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Egg-citement mounts at osprey nest sites

Kielder osprey assistant Ellie Kent shows a youngster how to use one of the osprey watch scopes. Picture by Neil Denham
Kielder osprey assistant Ellie Kent shows a youngster how to use one of the osprey watch scopes. Picture by Neil Denham

All eyes are on Kielder as the first of this year’s osprey eggs are due to hatch.

All four nests each have three eggs, despite a slow start to the breeding season caused by the Beast from the East.

Ellie Kent, Northumberland Wildlife Trust’s Kielder osprey assistant, said: “It’s been an incredible start to the 2018 osprey season so far, with all our ospreys successfully laying three eggs each.

“I cannot wait to see the first egg hatch and see how the rest of the season unfolds.”

There were doubts over whether all four nests would be occupied this year as the male osprey from nest three didn’t return from migration.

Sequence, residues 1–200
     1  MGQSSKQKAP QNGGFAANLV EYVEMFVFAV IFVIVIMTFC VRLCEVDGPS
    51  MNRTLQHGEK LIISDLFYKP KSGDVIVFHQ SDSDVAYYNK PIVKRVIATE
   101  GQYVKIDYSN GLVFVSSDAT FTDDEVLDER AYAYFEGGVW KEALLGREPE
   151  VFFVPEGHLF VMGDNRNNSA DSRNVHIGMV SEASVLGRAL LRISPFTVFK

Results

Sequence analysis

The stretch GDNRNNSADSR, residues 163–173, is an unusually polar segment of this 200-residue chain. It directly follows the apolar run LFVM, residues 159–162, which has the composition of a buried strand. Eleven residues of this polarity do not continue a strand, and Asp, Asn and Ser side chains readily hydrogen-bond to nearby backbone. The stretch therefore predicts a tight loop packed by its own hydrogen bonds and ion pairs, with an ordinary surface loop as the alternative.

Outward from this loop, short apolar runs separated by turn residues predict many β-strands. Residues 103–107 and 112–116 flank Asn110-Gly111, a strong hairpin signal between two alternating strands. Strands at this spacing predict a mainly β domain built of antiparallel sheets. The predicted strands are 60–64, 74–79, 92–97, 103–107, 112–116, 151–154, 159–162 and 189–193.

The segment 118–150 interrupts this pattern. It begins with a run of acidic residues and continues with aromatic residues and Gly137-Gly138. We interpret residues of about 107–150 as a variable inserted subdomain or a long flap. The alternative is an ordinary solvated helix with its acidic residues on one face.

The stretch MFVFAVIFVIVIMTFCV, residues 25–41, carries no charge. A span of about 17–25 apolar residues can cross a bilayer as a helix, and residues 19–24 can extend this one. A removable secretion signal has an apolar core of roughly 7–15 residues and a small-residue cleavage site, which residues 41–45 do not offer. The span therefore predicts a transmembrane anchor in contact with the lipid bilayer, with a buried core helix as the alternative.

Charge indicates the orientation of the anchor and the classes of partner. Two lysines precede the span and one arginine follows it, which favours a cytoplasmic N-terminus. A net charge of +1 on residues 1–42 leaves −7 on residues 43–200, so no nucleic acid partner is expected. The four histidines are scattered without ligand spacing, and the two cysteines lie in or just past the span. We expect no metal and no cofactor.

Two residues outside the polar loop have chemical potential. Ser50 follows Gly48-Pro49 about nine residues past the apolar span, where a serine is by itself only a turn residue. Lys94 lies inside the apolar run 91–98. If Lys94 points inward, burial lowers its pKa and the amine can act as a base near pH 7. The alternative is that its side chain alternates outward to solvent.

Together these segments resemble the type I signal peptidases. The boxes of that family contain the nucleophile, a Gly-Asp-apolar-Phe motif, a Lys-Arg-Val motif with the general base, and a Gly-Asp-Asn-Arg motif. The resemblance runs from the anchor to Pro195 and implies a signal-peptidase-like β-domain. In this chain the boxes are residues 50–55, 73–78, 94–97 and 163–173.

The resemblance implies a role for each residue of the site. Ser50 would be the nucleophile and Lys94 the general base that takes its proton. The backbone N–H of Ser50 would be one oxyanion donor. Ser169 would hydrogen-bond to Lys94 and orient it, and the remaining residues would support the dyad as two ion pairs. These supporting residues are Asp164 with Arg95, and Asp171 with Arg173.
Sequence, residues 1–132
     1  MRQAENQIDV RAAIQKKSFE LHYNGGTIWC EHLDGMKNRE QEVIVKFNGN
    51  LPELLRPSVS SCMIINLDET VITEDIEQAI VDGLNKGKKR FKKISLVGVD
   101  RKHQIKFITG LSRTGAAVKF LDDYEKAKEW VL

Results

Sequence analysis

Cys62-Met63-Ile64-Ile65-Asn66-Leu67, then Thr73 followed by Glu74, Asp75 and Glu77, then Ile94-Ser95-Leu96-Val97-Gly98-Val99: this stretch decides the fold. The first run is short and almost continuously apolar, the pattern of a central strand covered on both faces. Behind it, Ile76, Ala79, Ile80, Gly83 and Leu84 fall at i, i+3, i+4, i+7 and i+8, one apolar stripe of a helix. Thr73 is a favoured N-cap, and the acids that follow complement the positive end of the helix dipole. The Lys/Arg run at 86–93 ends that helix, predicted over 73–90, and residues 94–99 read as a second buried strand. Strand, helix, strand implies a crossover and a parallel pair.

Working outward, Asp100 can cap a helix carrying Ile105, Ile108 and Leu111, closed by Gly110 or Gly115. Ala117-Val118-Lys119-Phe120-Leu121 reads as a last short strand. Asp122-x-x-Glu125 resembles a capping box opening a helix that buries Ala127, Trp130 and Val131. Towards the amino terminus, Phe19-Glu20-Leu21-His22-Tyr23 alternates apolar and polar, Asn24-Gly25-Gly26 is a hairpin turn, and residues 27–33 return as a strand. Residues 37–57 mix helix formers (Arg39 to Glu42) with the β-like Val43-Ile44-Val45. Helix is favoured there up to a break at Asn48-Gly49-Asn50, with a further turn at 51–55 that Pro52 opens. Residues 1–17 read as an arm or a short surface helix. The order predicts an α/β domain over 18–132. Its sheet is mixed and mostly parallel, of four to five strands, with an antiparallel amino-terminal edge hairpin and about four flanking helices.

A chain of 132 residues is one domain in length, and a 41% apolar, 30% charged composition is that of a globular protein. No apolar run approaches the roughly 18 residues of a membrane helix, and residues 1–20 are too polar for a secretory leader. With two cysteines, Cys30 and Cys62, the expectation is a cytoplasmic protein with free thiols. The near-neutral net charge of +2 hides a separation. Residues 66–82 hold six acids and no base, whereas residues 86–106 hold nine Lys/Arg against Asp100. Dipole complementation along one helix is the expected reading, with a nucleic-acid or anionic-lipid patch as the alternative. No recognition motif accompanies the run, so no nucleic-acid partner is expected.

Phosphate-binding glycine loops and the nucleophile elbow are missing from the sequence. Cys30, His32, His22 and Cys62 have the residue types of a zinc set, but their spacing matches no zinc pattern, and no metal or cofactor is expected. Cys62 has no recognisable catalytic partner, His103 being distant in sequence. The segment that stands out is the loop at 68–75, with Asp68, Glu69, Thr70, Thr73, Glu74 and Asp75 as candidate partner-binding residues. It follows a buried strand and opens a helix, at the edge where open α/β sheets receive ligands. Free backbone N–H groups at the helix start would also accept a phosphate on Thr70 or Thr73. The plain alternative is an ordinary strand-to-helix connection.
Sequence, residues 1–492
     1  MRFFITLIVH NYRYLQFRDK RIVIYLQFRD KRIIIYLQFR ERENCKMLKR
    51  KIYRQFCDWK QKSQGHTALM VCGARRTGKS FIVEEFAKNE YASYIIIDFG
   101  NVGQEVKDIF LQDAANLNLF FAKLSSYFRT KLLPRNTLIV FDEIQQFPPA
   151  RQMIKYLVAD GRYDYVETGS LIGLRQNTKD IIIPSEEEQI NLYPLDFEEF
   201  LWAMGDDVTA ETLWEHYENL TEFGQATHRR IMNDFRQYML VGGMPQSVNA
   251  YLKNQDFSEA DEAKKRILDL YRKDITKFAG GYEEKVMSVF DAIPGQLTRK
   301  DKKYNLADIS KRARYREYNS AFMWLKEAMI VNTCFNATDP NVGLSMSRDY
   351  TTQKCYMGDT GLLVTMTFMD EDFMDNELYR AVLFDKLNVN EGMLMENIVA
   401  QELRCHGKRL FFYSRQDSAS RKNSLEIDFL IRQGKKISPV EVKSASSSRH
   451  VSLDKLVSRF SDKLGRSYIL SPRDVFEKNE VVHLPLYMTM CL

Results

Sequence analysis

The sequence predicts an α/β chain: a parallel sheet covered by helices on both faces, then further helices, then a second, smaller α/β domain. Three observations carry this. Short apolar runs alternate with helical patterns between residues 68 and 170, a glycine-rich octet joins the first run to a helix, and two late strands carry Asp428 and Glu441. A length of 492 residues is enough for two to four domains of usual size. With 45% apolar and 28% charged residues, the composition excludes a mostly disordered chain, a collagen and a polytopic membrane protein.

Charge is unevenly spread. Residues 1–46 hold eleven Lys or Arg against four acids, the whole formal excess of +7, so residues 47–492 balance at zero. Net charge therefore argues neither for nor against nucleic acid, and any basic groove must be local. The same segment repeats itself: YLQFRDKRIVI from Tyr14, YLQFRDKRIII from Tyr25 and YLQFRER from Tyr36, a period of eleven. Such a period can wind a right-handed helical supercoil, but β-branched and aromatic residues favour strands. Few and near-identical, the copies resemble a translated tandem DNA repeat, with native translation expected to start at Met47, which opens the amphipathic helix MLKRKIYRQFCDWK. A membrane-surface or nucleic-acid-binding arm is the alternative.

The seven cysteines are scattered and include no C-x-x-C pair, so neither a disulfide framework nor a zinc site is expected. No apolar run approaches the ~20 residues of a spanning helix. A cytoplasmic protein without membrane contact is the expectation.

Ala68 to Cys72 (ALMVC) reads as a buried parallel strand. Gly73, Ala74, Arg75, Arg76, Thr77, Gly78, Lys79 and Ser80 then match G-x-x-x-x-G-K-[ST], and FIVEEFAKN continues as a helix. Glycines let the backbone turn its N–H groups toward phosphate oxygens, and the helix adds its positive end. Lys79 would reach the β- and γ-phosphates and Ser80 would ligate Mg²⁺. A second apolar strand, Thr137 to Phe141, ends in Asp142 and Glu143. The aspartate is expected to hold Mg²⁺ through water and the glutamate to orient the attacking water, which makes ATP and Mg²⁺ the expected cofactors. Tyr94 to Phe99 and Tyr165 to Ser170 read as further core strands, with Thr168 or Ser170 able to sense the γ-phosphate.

But a new male found the nest and has formed a successful new partnership with the female.

Joanna Dailey, Kielder osprey expert volunteer, said: “Sadness at the loss of the original nest three male is tempered by the arrival of an unringed male, who is doing well as a probable first time breeder. Sometimes, a new pairing will have only two eggs, so we’re thrilled to see the three eggs on nest three.”

Visitors can watch the birds on three of the nests through cameras broadcasting at Kielder Castle Café, or join Wildlife Trust volunteers at Kielder Waterside every Saturday, Sunday and Bank Holiday Monday, to view two of the nests through a scope.